OzTorah: Ask the Rabbi – Blasphemy in Judaism.


Question.   A Christian woman in Pakistan is being tried for blasphemy. She is accused of making derogatory remarks about Islam and if found guilty she could be put to death. What does Judaism say about blasphemy?

Painting by Alex Levin

Answer.   As early as the Seven Laws of the Sons of No’ach there was a strict Jewish prohibition of “Bir’kat HaShem”, “cursing the Name of God”. (These Seven Laws are the Bible’s first code of law, even more basic than the Ten Commandments.) The Hebrew “bir’kat” literally means “blessing (of)”, but here it is a euphemism. The same euphemism is used later in Tanach in relation to sedition: in the story of Jezebel, Naboth is told, “berachta Elo-him vamelech”, “You have blessed (i.e. cursed) God and the king” (I Kings 20:10).

Ex. 22:27 says, “You shall not revile God”, which not only prohibits cursing God but cursing the judges who are sometimes called “Elohim” (e.g. Psalm 82:1), because human judges are regarded as partners with God and serving His purposes (Shab. 10a).

The third of the Ten Commandments is a broad rule against taking the Name of God in vain (Ex. 20:7), which safeguards the sanctity and honour of the Divine Name, but it does not provide a definition of blasphemy.

Lev.24:16 says that anyone who blasphemes God’s Name is to be put to death. However, the rabbinic sages understand this as publicly cursing the Divine Name (not just any synonym for deity, but the authentic sacred Name), and Mishnah Sanhedrin lays down the procedure if someone is accused of committing this act. Unless a person has specifically done what the law prohibits, it is not blasphemy in the technical sense, though it is certainly a grave moral wrong.

For a Jew to make derogatory remarks about Judaism as a whole is certainly wrong, but it is not technically blasphemy. Similarly, saying negative things about another religion is not blasphemy in the eyes of Jewish law, nor does Jewish law prohibit a gentile saying something that has the effect of reviling his/her own deity or prophet or criticising his/her own religion.

Judaism takes it for granted that human beings give respect to their religion but would not impose the death penalty on someone who failed to act in this way, whether to their own or someone else’s religion.

Some years ago there was national debate in Australia about whether blasphemy should remain on the statute book (it was an early British import) and I was amongst those who argued that the blasphemy law had no place in a  modern democratic society in which the marketplace of ideas included the airing of many points of view.

If persons made hurtful comments that brought a particular religion into contempt or incited racial, religious or ethnic hatred – not to speak of violence – there were other legal sanctions and means of redress available.


Question. I didn’t ask to be born, so why should I have to keep the commandments?

Answer.   Pir’kei Avot 4:22 says:

“Despite yourself you were born, despite yourself you will die and despite yourself you have to account for your life.”

The Vilna Gaon was asked,

“If life and death are imposed on a person, why should they have to give account and reckoning for how they spend their life?”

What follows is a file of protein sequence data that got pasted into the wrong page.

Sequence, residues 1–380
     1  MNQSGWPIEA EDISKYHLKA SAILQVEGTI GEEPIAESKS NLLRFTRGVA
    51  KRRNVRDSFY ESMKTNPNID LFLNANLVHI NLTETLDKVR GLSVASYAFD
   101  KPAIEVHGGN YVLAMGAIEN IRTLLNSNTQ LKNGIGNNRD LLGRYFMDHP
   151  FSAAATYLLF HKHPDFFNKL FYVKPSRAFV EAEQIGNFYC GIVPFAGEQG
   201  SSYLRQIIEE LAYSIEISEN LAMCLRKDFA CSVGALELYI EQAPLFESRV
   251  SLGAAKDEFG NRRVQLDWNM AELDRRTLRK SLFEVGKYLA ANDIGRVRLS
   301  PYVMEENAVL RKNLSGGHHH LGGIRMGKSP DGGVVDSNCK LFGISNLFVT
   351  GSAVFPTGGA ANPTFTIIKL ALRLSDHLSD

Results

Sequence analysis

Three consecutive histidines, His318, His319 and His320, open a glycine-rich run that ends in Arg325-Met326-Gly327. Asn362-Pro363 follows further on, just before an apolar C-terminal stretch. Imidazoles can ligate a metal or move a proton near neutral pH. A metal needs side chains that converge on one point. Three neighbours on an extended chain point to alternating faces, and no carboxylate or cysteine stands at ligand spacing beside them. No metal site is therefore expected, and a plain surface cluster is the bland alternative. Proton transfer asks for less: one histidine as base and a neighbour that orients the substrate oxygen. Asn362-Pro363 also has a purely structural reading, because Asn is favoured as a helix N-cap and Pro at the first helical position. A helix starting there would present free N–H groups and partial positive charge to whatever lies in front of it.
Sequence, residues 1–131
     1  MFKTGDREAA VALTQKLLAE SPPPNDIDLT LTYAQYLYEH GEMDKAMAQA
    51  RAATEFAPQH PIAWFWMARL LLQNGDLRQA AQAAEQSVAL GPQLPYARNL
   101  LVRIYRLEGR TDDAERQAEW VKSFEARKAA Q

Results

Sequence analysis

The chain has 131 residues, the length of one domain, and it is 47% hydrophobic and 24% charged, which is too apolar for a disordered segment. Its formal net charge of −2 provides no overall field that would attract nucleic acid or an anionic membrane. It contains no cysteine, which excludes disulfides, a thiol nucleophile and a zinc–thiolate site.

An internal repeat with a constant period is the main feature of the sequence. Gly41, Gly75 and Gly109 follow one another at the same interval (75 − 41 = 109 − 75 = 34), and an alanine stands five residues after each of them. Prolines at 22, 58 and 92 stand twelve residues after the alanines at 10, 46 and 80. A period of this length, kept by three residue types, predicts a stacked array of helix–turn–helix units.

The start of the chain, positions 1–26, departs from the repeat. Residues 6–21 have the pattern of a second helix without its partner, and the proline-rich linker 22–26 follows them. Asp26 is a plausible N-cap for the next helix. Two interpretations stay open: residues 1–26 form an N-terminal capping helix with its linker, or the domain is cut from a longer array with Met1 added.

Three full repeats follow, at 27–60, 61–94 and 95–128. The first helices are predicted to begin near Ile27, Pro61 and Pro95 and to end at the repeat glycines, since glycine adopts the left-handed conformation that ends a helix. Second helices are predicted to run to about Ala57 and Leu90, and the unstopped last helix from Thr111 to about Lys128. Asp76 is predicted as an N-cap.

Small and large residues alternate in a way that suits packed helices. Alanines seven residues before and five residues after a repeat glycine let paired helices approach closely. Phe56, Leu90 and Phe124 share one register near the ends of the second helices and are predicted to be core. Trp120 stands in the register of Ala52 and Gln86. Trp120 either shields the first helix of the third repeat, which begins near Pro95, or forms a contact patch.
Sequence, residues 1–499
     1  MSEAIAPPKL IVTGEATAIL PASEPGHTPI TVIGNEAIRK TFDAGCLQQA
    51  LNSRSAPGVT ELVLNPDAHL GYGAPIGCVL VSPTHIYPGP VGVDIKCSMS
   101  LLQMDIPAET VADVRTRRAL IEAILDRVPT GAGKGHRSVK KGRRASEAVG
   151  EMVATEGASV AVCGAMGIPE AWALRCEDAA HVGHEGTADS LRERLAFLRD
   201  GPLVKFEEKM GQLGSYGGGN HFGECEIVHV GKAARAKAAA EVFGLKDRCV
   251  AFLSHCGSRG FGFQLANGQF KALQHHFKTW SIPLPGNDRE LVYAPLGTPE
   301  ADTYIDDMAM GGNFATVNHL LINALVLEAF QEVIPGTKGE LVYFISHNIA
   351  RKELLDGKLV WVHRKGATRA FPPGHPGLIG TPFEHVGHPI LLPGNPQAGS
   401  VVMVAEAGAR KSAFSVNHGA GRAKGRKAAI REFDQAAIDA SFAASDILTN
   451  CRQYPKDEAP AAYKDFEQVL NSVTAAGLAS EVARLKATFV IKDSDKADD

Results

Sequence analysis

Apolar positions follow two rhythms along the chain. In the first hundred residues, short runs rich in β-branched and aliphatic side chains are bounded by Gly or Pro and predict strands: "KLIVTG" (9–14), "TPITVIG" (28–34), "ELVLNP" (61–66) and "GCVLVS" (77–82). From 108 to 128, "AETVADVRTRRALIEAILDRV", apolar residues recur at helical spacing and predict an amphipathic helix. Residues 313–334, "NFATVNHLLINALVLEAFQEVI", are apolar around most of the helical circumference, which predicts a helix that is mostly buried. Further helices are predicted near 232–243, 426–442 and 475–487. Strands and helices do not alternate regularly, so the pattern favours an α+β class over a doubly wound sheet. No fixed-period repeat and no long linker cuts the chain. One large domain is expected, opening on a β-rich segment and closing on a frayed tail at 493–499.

The Gaon replied,

“There is a rule that if a person has a field without a fence but a neighbour erects a fence around three sides of it, the owner of the field does not have to pay towards the fence because the field is still open on the fourth side. But if the neighbour fences in the fourth side, the owner of the field has to pay towards the fencing on the other three sides, since the fence gives him a benefit.

“Likewise, though we are not asked if we want to be born, while we are alive we do not want to die. Our birth was despite us, but we still get some benefit from the fact that we are alive, and we have to use our life properly.”


Question. My mother was born Jewish but married a gentile and I was baptised and as a child was brought up as a Christian. I now want to be recognised as a Jew out of conviction. Do I need to re-convert?

Ancient Mikvahs (ritual baths) in Jerusalem. Credit: www.chabad.org

Answer.   Because of your maternal background you are Jewish according to Jewish law. But the matter is complicated by the fact that you were officially received into Christianity and practised it (though you do not tell me whether you have followed the Christian faith in the years since your childhood). Therefore your acceptance of Judaism needs to be confirmed by means of immersion in a mikvah and a declaration of acceptance of the Torah.

In the first instance you should consult an orthodox rabbi and follow his advice. It is unlikely that any obstacles will be placed in your way. In fact the return to Judaism which you seek is bringing an increasing number of people back to the Jewish fold. If all or even most of the people in your situation re-asserted their Judaism, both they and we would be immensely strengthened.


Rabbi Apple served for 32 years as the chief minister of the Great Synagogue, Sydney, Australia’s oldest and most prestigious congregation. He was Australia’s highest profile rabbi and held many public roles. He is now retired and lives in Jerusalem.

Rabbi Apple blogs at http://www.oztorah.com

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